Divorced parents with minor children in the state of Florida should be aware of the state's relocation laws in order to protect their rights. According to The Florida Bar, the state generally looks favorably upon relocation. A custodial parent may relocate with the children if the move is determined to be beneficial for the parent and, by extension, the children. However, the courts do consider the motives of the relocating parent. If it is determined that the parent is moving in order to impede the other parent's contact with the children, the courts may deny the relocation request.
The Huffington Post advises caution for those who are considering relocation. The custodial parent should carefully consider his or her future plans as well as the motives for moving. Since the courts seek to determine whether the relocation is meant to harm the other parent, this motive for moving may cause greater damage to the family structure than choosing not to move at all. If the move is for a legitimate reason, the relocating parent should have a specific plan for housing and financial provision in order to help the children feel more secure in their new surroundings.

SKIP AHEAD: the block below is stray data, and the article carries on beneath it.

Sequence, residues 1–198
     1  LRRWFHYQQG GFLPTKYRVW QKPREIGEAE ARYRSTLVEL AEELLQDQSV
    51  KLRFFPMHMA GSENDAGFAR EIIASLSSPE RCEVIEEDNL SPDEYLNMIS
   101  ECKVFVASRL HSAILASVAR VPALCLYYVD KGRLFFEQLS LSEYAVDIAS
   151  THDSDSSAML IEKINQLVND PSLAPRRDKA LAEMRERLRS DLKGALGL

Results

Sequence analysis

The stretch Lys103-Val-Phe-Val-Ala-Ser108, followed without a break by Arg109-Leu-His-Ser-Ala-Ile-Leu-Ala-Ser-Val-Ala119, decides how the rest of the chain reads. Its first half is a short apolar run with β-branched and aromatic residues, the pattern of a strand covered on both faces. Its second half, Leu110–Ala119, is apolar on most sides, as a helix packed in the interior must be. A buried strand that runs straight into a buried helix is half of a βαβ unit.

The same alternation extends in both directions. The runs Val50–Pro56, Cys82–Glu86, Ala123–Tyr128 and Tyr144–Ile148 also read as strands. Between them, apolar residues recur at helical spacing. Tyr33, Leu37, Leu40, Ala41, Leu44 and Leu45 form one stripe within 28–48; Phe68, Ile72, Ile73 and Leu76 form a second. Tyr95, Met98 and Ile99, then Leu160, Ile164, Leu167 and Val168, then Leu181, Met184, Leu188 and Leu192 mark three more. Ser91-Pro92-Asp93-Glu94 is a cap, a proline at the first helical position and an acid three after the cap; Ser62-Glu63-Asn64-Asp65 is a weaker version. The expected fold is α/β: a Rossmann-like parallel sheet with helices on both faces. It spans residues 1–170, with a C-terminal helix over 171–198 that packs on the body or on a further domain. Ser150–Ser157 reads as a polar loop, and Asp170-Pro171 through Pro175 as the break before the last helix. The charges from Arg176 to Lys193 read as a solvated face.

Since every major decision affects the children in some way, their best interests should be carefully considered before a move. First of all, it is important to analyze the children's social and educational opportunities in the new setting. The parent should research the new school or child care facilities before moving to guarantee that the children are placed in the best circumstances possible during this time of transition.